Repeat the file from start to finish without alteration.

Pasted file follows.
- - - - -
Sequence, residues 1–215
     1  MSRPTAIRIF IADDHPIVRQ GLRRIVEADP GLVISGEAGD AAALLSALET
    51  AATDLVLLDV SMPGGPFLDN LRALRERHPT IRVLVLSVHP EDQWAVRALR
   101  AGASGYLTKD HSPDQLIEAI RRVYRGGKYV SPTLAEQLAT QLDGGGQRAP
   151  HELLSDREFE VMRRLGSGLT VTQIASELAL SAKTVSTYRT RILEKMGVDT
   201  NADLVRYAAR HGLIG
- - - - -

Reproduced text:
Sequence, residues 1–215
     1  MSRPTAIRIF IADDHPIVRQ GLRRIVEADP GLVISGEAGD AAALLSALET
    51  AATDLVLLDV SMPGGPFLDN LRALRERHPT IRVLVLSVHP EDQWAVRALR
   101  AGASGYLTKD HSPDQLIEAI RRVYRGGKYV SPTLAEQLAT QLDGGGQRAP
   151  HELLSDREFE VMRRLGSGLT VTQIASELAL SAKTVSTYRT RILEKMGVDT
   201  NADLVRYAAR HGLIG